We all know that an uncashed check is something like an unopened gift. You may wave the check in the air and say that you’ve got the $10; but until you cash that check, or deposit it in your own account and wait for it to clear, that $10 is still really resting in someone else’s account — and if you never cash he check or deposit it, that’s where it will stay, in someone else’s bank. A check isn’t money, but a promise of money. And if there is nothing to back up that promise, it is worthless. It’s no good saying, “My account can’t be overdrawn; I still have checks left!” If you don’t have money in the bank, in your account, any check you write will be just a piece of paper, with nothing to back it up. For a check really to be of any value you need to have something on deposit in your account.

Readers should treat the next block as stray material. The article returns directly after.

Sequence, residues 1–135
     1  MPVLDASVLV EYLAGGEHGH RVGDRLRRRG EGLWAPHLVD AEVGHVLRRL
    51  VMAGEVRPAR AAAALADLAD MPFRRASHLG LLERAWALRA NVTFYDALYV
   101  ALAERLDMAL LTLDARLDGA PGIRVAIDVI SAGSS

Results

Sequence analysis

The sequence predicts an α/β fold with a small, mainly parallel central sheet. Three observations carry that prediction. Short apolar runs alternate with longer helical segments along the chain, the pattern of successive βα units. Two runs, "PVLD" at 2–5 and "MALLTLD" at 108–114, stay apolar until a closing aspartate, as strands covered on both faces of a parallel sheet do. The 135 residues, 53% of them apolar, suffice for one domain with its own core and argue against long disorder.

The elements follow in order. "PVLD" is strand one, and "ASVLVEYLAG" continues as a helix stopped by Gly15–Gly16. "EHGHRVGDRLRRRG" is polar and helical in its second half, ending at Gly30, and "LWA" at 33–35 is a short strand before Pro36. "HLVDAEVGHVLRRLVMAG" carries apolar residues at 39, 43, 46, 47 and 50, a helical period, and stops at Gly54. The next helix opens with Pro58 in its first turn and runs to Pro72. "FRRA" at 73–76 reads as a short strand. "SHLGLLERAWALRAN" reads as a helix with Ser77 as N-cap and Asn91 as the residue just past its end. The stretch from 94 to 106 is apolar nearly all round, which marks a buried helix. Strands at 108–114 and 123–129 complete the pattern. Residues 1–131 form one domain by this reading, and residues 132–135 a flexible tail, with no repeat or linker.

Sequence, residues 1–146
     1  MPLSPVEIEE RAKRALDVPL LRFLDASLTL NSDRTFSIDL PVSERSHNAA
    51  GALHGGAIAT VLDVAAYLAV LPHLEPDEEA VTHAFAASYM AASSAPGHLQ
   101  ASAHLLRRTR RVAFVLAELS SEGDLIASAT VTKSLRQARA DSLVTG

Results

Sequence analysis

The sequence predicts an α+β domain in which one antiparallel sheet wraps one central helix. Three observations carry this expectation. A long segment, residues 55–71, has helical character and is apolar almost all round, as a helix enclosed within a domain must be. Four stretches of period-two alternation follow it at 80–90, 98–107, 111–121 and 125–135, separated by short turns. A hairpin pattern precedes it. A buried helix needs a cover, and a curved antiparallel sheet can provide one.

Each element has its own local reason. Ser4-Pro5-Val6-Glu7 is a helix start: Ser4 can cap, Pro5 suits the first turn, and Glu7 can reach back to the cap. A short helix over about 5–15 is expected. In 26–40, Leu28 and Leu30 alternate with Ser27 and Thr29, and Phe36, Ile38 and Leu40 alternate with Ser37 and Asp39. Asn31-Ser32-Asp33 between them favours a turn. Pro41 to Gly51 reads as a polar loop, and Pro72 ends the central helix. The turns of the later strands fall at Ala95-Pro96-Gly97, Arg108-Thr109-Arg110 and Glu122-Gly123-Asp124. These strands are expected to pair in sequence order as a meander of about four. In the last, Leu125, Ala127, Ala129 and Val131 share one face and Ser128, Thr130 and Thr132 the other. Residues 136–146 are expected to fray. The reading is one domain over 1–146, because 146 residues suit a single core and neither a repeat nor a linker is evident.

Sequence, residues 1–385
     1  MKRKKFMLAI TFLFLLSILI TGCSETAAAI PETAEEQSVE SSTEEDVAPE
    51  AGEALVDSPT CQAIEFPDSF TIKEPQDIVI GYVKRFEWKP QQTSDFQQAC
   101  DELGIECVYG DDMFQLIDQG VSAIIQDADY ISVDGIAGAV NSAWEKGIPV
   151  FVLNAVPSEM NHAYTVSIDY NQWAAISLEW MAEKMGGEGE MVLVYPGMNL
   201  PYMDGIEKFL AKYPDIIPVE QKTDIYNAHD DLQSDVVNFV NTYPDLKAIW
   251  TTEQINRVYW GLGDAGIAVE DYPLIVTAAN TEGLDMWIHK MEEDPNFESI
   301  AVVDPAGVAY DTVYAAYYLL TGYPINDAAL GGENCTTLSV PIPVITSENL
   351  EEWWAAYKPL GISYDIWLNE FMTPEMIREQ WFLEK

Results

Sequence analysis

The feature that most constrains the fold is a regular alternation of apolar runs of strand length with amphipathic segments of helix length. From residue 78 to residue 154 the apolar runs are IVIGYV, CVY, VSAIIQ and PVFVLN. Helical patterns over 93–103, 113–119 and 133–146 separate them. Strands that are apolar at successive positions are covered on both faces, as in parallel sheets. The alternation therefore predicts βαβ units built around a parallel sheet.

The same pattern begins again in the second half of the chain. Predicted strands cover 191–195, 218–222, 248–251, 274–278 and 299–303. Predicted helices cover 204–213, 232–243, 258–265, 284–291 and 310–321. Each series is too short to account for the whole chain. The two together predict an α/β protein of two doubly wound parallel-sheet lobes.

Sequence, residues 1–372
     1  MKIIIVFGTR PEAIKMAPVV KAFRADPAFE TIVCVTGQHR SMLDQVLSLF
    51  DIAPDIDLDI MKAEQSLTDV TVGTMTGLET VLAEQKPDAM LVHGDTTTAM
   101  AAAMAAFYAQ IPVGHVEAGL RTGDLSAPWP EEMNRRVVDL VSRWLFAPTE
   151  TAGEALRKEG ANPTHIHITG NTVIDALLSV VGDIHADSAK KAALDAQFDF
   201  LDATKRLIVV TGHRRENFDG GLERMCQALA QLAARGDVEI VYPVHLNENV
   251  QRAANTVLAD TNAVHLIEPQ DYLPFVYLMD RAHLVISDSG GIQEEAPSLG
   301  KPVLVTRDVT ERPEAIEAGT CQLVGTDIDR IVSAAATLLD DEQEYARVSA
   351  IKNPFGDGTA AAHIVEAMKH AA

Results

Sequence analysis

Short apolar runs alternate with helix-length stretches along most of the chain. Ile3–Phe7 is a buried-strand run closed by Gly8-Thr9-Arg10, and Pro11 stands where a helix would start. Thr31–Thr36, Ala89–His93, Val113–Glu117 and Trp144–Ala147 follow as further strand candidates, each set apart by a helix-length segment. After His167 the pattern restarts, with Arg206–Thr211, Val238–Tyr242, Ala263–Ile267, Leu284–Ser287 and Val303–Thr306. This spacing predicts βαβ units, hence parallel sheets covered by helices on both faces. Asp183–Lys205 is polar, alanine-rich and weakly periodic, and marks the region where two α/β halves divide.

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The crucial word in all of this is that simple little two-letter word in. What Paul is saying is that the package has been presented and is being unwrapped — the mystery that had been hidden throughout the ages and generations — the contents of the package, what’s in it — is in the process of being revealed — but not only in the death of Christ on the cross, but also in the flesh of believers, his flesh, Paul’s that is, and the flesh of the people of Colossae, Corinth, Ephesus and wherever the church has spread the Gospel. And what that mystery is — the contents of the package, — is the mystery of the Church itself, the body of Christ: the whole company of all the faithful who are in Christ as Christ is in them. As Paul says, the mystery of God is “Christ in you.”